Thank God! Now we’re getting somewhere. After the ride was almost completed (51 miles already completed), I took the mini-tool out of my seat bag and loosened the rear derailleur slightly. Then I took my Philips screw driver and tightened down the “B” screw (I believe that’s what it’s called). I could see the upper pulley move rearward slightly. I re-tightened the derailleur Allen bolt and rode the last 4.5 miles home, still keeping my accelerations controlled. I don’t think I had any more slippages over those last 4.5 miles, an encouraging development.

While out on the ride I was bashing my own (gold) Taya Nove-91 chain, thinking that it had excessive slop for a new chain. It was certainly flexy side to side. So once home I had to check it with my Park Tools chain checker. It tested as new! Elongation was zero. I thought the chain was shifting well except for that gnashing, horrifying crunch I was getting on the climbs.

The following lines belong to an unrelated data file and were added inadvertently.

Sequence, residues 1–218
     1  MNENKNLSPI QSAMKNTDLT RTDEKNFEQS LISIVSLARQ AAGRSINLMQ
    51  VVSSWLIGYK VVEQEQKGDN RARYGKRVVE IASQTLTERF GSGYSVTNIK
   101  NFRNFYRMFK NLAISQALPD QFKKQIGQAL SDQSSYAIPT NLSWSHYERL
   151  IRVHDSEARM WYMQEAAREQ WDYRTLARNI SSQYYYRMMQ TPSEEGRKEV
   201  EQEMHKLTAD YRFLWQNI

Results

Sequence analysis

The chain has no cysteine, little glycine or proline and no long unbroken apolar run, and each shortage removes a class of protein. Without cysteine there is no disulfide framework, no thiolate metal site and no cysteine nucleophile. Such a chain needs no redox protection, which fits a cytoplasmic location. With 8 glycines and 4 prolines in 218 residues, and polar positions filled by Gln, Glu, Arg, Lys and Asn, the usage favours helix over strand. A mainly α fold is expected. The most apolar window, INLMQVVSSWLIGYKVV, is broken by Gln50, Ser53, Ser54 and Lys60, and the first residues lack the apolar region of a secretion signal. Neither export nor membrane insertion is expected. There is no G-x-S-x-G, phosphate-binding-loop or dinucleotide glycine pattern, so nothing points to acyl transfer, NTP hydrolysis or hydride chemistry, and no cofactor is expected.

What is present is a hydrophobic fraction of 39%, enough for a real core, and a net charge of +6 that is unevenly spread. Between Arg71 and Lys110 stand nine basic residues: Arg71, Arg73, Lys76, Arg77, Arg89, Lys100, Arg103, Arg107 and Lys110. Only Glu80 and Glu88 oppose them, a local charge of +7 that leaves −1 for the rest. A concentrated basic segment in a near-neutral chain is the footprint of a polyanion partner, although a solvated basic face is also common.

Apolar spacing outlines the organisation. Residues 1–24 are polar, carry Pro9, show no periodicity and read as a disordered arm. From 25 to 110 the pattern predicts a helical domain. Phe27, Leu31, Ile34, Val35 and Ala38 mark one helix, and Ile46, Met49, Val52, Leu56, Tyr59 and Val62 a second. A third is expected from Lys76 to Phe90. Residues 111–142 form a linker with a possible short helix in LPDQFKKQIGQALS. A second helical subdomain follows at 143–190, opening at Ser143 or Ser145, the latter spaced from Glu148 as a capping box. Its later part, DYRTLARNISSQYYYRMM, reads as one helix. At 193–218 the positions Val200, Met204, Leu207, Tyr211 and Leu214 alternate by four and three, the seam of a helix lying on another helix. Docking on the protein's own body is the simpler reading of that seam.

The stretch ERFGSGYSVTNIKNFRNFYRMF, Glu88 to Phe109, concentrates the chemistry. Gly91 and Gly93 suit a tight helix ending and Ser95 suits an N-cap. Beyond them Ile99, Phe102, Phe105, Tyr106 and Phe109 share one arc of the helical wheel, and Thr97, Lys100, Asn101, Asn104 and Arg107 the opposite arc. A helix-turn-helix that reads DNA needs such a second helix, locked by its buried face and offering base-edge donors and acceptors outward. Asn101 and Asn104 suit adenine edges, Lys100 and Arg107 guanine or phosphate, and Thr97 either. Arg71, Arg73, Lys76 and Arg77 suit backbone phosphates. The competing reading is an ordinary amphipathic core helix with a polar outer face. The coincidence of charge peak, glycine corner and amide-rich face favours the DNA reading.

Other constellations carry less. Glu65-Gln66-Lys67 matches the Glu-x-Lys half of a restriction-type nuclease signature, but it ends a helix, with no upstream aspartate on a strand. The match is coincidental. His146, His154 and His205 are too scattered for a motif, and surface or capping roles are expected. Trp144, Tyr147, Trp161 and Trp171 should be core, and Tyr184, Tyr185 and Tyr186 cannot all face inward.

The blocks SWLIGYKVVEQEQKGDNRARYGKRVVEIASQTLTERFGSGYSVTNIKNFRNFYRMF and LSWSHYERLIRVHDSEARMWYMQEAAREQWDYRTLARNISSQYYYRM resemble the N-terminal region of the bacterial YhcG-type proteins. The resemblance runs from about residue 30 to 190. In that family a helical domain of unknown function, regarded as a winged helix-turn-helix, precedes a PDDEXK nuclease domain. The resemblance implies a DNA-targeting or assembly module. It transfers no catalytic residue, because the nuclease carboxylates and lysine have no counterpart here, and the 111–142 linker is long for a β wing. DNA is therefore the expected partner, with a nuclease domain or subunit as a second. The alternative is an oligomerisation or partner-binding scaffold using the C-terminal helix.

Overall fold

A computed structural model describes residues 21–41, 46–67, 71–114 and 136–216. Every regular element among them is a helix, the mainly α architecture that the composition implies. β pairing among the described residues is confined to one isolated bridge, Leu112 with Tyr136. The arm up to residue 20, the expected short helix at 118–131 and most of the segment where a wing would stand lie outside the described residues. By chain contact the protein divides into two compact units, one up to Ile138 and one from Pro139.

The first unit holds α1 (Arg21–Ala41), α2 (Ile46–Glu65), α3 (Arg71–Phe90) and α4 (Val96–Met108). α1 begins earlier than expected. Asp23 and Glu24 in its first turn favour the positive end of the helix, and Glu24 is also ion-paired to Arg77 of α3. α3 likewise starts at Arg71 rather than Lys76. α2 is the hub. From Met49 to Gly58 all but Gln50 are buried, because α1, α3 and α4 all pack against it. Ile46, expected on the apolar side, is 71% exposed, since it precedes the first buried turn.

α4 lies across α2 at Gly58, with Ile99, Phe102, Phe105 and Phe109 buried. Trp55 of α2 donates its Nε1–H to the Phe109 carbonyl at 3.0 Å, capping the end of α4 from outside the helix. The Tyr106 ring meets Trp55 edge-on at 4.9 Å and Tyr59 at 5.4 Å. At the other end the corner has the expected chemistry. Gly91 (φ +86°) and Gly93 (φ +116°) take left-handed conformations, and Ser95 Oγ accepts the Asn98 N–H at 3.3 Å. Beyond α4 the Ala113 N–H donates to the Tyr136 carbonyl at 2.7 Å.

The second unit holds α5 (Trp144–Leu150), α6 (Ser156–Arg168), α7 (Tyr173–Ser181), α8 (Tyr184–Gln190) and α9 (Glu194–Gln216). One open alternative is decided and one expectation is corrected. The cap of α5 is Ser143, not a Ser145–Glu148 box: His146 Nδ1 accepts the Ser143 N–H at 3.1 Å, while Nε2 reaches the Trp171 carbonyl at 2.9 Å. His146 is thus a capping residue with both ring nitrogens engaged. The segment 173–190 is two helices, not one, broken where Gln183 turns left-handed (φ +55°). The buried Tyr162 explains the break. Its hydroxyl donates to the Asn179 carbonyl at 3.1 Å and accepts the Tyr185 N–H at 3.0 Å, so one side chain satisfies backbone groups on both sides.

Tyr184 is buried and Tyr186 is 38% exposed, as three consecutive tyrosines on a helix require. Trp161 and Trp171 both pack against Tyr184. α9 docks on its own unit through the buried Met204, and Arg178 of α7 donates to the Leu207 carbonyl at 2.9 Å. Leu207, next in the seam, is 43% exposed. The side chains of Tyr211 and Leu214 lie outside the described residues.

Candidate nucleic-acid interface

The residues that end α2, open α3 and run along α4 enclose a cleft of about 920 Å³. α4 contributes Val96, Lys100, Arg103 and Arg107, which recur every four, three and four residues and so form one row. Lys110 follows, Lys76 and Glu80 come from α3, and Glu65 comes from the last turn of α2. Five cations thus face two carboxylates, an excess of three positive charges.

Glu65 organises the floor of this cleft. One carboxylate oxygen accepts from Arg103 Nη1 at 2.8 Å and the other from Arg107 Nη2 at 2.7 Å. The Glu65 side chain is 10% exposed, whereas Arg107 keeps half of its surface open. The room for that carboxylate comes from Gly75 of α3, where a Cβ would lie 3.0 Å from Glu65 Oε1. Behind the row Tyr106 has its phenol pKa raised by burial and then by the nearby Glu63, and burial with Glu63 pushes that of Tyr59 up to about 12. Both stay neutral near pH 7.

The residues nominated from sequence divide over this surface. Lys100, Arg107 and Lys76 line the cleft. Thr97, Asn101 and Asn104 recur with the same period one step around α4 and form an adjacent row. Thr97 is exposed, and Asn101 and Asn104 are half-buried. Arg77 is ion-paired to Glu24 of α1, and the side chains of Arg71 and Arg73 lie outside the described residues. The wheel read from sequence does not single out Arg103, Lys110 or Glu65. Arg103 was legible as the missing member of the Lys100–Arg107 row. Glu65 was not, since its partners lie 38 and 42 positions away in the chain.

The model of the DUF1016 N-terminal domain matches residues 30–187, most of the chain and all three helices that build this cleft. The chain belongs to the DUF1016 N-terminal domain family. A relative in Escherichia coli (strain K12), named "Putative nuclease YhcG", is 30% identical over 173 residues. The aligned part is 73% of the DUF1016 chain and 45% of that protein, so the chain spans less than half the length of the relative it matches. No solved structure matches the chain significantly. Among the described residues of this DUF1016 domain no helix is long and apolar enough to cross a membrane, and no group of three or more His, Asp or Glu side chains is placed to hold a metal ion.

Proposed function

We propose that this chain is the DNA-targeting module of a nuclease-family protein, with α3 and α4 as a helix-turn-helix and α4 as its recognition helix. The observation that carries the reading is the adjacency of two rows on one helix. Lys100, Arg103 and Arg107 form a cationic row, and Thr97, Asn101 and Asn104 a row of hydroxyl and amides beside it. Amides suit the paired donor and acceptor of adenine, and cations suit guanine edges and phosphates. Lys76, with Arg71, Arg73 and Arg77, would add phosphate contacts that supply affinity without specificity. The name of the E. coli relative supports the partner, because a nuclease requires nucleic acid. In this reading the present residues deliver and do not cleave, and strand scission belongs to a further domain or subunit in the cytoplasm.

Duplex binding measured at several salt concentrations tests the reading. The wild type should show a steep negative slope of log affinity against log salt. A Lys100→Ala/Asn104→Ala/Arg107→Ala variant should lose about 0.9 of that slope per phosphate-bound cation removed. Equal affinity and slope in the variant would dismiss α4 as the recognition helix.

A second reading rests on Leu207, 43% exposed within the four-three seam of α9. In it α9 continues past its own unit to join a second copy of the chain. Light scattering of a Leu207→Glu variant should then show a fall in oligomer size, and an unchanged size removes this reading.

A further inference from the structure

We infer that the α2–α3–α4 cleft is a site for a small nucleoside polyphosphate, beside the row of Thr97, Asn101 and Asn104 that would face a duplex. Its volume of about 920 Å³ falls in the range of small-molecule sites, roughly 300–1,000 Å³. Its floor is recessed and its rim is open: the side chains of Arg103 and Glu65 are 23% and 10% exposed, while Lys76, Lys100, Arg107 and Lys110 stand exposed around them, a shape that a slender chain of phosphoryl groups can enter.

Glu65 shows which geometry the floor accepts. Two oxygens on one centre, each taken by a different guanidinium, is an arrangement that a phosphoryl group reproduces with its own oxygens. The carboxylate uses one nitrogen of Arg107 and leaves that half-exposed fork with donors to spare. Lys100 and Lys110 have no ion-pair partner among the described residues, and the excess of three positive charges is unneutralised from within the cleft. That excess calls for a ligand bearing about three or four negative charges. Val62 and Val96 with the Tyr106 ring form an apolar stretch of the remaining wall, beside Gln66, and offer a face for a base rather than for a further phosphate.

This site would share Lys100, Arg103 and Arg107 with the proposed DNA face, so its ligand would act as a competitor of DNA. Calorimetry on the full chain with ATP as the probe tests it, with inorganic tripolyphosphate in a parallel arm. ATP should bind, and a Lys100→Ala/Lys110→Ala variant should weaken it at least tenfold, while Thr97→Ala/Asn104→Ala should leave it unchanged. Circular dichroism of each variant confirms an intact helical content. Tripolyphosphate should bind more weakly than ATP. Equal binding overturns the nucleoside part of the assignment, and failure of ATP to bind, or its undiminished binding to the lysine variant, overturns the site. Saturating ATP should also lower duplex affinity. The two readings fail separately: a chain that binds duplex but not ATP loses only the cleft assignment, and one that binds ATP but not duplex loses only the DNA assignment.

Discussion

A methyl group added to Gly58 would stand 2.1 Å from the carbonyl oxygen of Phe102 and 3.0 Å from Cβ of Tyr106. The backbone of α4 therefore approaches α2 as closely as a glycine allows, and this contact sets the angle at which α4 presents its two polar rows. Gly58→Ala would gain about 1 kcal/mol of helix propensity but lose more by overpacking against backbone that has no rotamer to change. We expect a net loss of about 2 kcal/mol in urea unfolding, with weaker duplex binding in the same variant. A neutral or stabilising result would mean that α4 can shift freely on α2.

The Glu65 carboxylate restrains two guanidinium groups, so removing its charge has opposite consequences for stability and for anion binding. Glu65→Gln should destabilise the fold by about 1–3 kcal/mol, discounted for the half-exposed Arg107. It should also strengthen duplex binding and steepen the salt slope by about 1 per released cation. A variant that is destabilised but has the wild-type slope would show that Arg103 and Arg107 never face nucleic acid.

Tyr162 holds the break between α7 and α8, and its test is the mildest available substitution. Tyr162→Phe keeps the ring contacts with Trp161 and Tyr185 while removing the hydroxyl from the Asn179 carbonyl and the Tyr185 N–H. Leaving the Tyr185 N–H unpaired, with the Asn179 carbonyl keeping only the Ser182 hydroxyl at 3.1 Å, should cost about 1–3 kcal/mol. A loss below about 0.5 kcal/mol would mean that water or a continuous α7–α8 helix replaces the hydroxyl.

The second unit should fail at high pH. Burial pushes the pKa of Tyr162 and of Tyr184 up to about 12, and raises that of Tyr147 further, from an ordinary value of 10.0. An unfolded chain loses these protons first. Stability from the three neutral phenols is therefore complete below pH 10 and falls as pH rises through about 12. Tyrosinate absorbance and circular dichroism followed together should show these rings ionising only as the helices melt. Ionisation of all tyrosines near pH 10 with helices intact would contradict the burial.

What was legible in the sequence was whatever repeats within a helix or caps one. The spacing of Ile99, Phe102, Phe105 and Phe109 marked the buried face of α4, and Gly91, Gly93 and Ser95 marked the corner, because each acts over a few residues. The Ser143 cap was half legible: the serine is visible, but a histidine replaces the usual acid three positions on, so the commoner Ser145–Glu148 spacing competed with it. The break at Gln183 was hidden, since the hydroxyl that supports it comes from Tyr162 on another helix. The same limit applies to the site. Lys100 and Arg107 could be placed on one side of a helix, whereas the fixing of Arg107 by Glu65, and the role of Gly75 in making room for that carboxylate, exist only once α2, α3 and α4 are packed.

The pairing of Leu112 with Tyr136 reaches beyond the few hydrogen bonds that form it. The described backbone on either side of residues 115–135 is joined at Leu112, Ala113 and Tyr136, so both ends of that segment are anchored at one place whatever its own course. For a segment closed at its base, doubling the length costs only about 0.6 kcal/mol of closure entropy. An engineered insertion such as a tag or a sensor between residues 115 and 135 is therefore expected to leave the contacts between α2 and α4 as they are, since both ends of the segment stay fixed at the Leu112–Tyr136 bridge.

If you’re with me so far - thank you! My mechanical mysteries are often puzzles such as this. Tomorrow evening I plan to cut a new, longer loop of compressionless housing to the rear derailleur and outfit a new inner wire (since the one on there has been trimmed to fit the existing housing). I look forward to having my 3x9 road racing triple optimized so I can go to battle with my riding companions in the hill country near me once again.